Roger Reece Kibbe: The I-5 Strangler
The Fledgling Psychopath
Kibbe's background opened a few eyes. He'd had a very bad relationship with his mother, who beat him and treated him as if she had disliked him, and he had always been getting into trouble. Kids at school had teased him about his stutter and he'd become a loner. He lied easily and stole things.
In 1954, when he was 15, according to Bruce Henderson in Trace Evidence, Kibbe had been arrested. A young girl had informed police that she saw him riding his bike into a Chula Vista park, carrying a shovel and cardboard box. He had dug a hole and buried the box. When police dug it up, they found a dress and two bathing suits just reported stolen from a clothes line. The victim had also reported several nylon stockings missing, but these were not found in the box. The officers suspected a sexual fetish and eventually worked their way through witnesses until they found the culprit, Roger Reese Kibbe. He was charged with petty theft and prowling and referred to a juvenile officer. He was also a suspect in similar thefts in that neighborhood over the past year, although he initially denied that he had taken anything. However, he quickly cracked and admitted to the thefts. He took something off a clothesline once or twice a week, he said, and usually buried it or tossed it. He had saved a few things, and these he turned over to the officer. On top of the items was a pair of scissors used for medical purposes, and they saw that the articles, all of which were intimate female apparel, had been cut up in unusual ways.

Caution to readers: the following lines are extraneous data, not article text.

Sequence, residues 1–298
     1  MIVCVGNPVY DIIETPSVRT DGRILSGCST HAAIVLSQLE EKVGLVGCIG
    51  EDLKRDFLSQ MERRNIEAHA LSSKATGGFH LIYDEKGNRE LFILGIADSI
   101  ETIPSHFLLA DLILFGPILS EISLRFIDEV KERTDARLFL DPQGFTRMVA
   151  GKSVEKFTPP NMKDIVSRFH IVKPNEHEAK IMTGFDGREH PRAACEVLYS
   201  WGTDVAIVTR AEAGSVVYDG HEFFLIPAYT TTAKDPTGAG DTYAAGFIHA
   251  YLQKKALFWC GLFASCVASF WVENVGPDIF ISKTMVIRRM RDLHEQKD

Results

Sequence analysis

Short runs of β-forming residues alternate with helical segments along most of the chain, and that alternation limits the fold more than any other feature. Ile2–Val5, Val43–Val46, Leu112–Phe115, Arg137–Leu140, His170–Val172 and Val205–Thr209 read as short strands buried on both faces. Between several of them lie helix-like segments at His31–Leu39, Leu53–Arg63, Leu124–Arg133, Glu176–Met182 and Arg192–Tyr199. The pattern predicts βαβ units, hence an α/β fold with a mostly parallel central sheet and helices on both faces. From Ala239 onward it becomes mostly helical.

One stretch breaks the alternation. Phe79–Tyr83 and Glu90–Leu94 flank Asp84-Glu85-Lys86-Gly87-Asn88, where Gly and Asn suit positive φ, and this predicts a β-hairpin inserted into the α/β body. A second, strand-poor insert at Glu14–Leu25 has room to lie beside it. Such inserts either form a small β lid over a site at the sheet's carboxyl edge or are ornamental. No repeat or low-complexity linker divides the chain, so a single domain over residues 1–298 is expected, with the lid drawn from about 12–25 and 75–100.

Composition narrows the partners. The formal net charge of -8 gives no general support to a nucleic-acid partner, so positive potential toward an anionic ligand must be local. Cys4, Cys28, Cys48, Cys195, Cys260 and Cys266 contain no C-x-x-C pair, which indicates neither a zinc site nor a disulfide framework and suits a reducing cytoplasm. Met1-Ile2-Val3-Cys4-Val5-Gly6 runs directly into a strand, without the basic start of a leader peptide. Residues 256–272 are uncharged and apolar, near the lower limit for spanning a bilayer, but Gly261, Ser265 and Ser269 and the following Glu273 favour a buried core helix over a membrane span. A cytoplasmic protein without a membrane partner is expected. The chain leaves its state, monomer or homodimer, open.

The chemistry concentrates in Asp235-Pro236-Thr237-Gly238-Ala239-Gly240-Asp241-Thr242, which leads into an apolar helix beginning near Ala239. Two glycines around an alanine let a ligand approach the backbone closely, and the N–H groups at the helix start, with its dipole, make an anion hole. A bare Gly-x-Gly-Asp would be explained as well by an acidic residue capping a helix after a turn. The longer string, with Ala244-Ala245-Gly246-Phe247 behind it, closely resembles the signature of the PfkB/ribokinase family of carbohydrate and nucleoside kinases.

There were warnings signs of what lay ahead: no apparent remorse, no emotional reaction to having been caught, a sexual fantasy life involving trespass against women, and plenty of furtive behavior acting it out. He also liked tying himself up in female undergarments. What the authorities did not then know, because no one was yet subjecting antisocial children to rigorous study, was that these behaviors also signaled a developing psychopath who would not be deterred by the threat of incarceration or punishment, and would not learn from it. He would also not benefit from the early sessions in which he participated with a psychiatrist. For Kibbe, this was all just an annoying hindrance; he would find ways to go deeper underground and continue his behavior.
For police, there was another red flag: Kibbe's wife Harriett was reportedly domineering and mean. She kept him in line, seemingly just another version of his mother. This would likely feed his anger against women.